You’re On Notice: Borrowers Need Only Provide Written Notice to Effect TILA Rescission Rights

CFPB  •  TILA

HomeOn April 28, 2014, the Supreme Court granted certiorari to decide whether, as held by the Eight Circuit, a borrower must file a lawsuit to exercise and preserve her TILA rescission right within three years of consummating the loan, or whether simply providing written notice of rescission is sufficient to do so.  See Jesinoski, 736 F.3d 1134 (8th Cir. 2013).  LLW covered the case this previous post.  On January 13, 2015, the Supreme Court reversed the Eighth Circuit, holding that providing a notice of rescission within the three-year period is sufficient to trigger rescission within the meaning of 15 U.S.C. § 1635(f).

In any “consumer credit transaction” that results in the creditor retaining or acquiring a security interest in the borrower’s principal dwelling – a definition that includes subordinate mortgage loans and refinance mortgage loans wherein borrowers receive additional credit – creditors must notify borrowers in writing that borrowers have three business days to rescind the credit transaction by providing written notice of their intent to do so to the creditor.  § 1635(a).  Where creditors fail to provide written disclosures, or provide inadequate written disclosures, borrowers’ rescission rights are extended to three years after the loan was originated.  § 1635(f).  The question before the Supreme Court was whether borrowers are required to provide notice of intent to rescind, or affirmatively sue the creditor to effect their rescission rights within the three year limitation period.  See Jesinoski, 135 S.Ct. 790, 790 (2015).  The Supreme Court held that the statute’s plain language requires only the former, stating that “[t]he language of the statue leaves no doubt that rescission is effected when the borrower notifies the creditor of his intention to rescind.”  Id., 792.  In arriving at its holding, the Supreme Court also opined that common law principles relating to rescission – such as the equitable principle that a borrower must be able show that she can tender the property she received at origination back to the creditor before being permitted to rescind the loan – cannot be applied to interpret the TILA rescission regime.  Id., 793.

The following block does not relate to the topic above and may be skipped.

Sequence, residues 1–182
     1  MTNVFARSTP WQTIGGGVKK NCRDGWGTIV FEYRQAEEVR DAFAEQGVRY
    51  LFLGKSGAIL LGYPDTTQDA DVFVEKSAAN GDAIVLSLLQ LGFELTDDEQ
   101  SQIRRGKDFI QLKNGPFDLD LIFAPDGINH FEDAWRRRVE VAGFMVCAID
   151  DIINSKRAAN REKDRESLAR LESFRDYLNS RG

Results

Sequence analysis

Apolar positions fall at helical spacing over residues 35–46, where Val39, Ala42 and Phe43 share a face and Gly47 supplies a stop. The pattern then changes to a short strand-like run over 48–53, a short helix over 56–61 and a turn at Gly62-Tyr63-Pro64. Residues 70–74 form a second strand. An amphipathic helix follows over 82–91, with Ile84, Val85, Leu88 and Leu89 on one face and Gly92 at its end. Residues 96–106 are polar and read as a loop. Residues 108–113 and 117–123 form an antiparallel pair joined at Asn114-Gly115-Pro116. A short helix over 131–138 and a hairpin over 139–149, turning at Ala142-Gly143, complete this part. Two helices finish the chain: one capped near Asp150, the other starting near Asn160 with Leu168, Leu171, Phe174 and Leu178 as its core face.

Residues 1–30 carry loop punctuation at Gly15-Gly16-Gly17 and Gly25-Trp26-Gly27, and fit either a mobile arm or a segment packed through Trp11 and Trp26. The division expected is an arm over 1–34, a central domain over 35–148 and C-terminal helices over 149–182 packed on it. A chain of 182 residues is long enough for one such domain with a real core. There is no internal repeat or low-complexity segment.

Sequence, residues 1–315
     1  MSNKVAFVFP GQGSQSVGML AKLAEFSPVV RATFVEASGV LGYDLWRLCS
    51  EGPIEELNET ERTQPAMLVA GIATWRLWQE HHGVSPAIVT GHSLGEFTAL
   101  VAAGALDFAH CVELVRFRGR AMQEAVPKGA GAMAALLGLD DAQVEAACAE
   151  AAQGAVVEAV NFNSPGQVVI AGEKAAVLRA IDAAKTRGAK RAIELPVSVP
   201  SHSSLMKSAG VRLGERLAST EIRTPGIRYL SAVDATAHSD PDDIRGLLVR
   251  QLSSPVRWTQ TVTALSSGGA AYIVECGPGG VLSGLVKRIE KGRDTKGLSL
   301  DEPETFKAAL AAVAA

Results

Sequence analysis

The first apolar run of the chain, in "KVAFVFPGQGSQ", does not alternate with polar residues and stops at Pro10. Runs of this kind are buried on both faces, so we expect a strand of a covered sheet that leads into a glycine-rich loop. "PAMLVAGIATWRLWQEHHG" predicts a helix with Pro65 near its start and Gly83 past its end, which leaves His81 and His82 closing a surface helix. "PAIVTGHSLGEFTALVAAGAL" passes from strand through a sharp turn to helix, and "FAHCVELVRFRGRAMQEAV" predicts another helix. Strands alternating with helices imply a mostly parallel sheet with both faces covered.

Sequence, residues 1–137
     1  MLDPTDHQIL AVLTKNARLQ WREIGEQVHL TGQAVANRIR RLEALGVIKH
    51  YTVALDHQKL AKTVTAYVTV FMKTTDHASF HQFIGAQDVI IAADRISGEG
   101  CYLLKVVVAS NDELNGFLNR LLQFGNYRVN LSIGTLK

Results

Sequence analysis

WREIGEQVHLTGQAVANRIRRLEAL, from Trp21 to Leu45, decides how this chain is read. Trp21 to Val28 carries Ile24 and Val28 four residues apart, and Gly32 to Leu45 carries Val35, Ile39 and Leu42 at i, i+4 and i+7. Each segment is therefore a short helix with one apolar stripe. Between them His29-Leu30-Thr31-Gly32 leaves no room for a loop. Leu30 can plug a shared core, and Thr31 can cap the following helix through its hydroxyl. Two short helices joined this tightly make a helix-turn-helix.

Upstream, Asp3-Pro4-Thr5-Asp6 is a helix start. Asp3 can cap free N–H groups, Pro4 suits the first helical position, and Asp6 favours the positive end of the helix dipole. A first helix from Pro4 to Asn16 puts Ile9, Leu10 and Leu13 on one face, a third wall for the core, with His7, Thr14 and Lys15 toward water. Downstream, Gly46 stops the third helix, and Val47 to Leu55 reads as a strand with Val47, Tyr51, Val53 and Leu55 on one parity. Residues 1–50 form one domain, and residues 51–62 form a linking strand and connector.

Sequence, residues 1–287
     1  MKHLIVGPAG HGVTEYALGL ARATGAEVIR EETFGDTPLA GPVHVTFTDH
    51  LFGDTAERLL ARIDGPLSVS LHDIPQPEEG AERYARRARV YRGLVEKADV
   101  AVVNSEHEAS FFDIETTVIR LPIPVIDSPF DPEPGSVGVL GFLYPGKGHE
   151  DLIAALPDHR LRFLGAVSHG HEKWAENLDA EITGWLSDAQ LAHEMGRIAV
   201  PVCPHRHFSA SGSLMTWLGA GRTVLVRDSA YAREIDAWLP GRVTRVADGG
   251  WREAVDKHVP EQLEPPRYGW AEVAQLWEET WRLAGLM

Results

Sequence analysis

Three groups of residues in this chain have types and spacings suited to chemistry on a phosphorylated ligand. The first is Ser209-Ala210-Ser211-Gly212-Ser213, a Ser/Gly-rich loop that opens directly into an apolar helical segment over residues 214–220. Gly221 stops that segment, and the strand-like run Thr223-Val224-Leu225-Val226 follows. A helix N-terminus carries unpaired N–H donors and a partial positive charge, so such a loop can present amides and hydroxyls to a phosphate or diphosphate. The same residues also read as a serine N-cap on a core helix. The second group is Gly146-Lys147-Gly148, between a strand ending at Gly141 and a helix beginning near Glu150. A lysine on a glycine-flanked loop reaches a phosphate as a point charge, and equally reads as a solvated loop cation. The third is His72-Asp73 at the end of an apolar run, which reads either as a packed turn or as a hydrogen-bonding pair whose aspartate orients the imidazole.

The impact of Jesinoski is clear:

  • Borrowers can now preserve their TILA rescission claims by merely notifying their creditors in writing of their intent to rescind within the applicable three-year time period.  Creditors could therefore see an uptick of TILA rescission notices received and will continue to see distressed borrowers allege TILA rescission claims – some potentially commenced many years after rescission notices are received.
  • In the event that a creditor disputes a borrower’s rescission notice, it is now an open question as to when the borrower must file suit to enforce his rescission right.  It is possible that the limitations period could be indefinite, as long as the borrower timely provides the rescission notice.  Or, as the CFPB posited in Sherzer v. Homestar Mortgage Services, the general TILA one-year statute of limitations in 15 U.S.C. § 1640(e) may begin to run from the date the borrower sent the rescission notice.  707 F.3d 255, 266 n. 8 (3rd Cir. 2013).  The CFPB’s position is particularly pertinent, given that it is now the entity responsible for promulgating the implementing regulations for TILA.  See Jesinoski, 135 S.Ct. at 792 n. * (citations omitted).
  • Creditors may now need to reevaluate their responses to borrower rescission notices that they intend to dispute.  A pertinent part of this calculus involves weighing the cost of immediately disputing the rescission attempt against the potential added cost and complexity of rescinding a loan many years after origination.  This is particularly the case given that the mechanics of rescission appear to require creditors to return all funds received from the borrower and to terminate security interests even if borrowers are unable to return any funds they received at origination – a proposition that becomes exponentially more expensive for creditors the further in time the rescission takes place from the date of the loan.  See 12 U.S.C.  1635(b).

LenderLaw Watch will continue to monitor major developments in the TILA rescission regime, and will post updates as they occur.

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